Engineering is mostly data plumbing. What matters is that the right people understand the right bits of the problem. All those meetings, all those revisions of all those specs, it's all about exploring the problem and getting the right bits to the right guys and gals. Everything is specialized. For the most part, that means you aren't ever going to get it all. Those windbags probably mean well.
The good news is, you don't have to get most of it. You need to understand who needs to know what, and how to get them what they need. Know what is the critical path. There will some small part that's your specialty. Make sure you're on top of that. The rest is plumbing. You're smart enough. Relax.
As for the whole nihilistic thing... What drives you? I'll tell you what drives me: what is the coolest thing I can pull off and actually make work? I've long since realized that a team can make stuff happen that I could never do myself. Right now I'll take the trade of having a smaller part in achieving a more audacious goal.
For the next 30 months, concentrate on getting experience, especially practical experience. You're going to be around for a very long time. This idea that you were going to figure out by 30 what you are going to do in life is a (boring) fantasy. One of the best CPU hackers I know started doing serious astrophysics, did CPUs, moved on to chip assembly tools, and now does something completely different. You know what my dad remembers from hacking on accelerators at Berkeley in the 60s? Plumbing. He's awesome with solder and 3/4" copper.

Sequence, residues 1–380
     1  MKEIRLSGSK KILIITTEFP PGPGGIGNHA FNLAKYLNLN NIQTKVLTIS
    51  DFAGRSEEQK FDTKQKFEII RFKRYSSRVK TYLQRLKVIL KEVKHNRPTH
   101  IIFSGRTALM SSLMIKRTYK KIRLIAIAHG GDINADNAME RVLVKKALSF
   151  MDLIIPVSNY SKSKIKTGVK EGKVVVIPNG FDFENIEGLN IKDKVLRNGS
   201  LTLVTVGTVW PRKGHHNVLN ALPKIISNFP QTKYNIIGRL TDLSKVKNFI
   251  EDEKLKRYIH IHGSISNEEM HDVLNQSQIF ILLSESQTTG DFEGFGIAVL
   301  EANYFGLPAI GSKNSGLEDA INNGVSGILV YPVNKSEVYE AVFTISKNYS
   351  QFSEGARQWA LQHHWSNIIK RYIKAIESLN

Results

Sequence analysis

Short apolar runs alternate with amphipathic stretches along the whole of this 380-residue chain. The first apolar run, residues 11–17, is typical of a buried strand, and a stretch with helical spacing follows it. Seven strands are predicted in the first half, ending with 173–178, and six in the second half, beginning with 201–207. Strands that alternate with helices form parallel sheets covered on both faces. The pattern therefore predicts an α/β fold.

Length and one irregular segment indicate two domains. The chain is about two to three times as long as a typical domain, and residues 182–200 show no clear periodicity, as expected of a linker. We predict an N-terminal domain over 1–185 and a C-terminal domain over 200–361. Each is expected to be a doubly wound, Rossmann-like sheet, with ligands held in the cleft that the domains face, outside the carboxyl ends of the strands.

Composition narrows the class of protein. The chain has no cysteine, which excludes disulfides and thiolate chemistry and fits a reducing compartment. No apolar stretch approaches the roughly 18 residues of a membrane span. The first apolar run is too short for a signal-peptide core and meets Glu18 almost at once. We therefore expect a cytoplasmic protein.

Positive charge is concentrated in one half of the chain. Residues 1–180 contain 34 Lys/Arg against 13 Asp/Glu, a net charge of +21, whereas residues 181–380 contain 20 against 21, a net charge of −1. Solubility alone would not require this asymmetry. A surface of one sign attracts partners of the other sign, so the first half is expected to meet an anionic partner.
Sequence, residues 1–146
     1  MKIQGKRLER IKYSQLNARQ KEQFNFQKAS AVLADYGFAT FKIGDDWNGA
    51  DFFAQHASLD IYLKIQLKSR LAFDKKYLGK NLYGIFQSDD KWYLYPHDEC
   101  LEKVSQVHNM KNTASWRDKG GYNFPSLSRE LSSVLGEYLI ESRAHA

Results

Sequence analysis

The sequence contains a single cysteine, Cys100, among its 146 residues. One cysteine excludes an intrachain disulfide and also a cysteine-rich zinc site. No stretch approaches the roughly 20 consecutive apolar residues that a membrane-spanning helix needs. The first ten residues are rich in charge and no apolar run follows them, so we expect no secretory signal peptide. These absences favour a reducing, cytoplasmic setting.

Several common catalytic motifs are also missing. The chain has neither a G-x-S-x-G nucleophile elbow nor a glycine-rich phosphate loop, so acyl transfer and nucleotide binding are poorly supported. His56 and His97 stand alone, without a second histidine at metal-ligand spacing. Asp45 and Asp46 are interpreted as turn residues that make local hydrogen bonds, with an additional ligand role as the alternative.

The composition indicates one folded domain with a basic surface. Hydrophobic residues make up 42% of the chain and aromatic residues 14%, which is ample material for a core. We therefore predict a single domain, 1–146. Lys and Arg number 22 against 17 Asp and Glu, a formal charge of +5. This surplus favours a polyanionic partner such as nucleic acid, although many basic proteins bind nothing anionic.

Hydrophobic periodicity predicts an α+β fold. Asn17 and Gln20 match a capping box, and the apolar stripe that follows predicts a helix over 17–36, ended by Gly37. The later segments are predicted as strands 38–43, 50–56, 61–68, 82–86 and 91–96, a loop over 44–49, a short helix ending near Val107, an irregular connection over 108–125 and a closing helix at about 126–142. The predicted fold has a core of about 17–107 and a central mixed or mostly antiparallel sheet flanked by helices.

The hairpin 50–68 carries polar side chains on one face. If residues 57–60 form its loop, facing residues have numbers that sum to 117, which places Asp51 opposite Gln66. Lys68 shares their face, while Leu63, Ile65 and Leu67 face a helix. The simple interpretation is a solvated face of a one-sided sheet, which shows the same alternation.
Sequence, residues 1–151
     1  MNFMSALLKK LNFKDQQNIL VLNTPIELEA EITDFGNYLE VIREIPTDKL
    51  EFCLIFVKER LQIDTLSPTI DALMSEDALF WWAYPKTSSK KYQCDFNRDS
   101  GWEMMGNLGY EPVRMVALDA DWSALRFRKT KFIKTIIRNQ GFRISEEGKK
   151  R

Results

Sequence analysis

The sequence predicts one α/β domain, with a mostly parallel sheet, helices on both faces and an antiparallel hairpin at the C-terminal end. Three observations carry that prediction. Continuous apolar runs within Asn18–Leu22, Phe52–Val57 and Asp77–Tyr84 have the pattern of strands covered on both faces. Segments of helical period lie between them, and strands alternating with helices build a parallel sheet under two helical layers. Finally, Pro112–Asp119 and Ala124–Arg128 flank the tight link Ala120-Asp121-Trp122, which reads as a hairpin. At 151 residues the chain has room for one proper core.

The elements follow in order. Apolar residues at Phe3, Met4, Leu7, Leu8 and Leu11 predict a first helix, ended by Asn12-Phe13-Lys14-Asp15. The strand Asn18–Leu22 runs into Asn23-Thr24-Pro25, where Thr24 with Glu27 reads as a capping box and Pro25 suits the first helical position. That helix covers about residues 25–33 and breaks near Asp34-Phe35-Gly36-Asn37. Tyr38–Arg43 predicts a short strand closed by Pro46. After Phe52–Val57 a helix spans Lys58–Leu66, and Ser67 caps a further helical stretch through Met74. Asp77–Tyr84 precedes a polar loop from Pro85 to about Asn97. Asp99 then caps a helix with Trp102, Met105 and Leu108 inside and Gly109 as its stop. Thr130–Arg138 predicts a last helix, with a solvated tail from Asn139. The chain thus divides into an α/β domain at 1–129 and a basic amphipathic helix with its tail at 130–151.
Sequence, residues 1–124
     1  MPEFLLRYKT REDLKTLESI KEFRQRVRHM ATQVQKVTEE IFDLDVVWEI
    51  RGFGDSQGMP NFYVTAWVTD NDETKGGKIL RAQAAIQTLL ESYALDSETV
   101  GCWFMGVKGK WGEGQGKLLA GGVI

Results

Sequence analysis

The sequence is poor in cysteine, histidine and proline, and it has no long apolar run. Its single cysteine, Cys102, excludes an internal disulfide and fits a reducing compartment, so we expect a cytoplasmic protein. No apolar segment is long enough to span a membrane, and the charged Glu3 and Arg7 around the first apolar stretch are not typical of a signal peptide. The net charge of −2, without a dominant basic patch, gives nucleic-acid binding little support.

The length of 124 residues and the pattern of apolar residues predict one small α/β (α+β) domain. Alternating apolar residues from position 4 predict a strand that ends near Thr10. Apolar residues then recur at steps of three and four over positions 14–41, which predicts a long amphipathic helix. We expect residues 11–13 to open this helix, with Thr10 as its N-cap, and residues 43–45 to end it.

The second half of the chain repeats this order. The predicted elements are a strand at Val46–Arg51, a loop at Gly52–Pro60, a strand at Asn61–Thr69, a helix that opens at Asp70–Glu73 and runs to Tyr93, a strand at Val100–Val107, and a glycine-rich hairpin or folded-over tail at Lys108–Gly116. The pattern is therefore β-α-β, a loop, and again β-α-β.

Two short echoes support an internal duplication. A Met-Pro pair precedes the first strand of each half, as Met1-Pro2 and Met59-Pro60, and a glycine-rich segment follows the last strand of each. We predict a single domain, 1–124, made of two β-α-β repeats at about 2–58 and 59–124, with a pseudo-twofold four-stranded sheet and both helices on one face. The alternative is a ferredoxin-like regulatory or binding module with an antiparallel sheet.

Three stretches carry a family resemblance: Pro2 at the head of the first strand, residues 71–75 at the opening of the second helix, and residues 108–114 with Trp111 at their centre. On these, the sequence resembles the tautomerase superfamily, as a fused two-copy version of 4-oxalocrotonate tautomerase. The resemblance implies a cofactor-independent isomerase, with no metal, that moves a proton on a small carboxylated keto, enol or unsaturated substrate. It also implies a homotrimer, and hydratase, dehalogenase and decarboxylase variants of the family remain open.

It sounds like you're motivated by Serving America. Very noble. You can probably see lots of ways of projecting force better than we are now. You don't need to implement that right now. You might take a 20 year detour first. Hell, you might try raising kids. That'll throw a wrench in things, I promise you.
Oh, and when you get out, give me a call.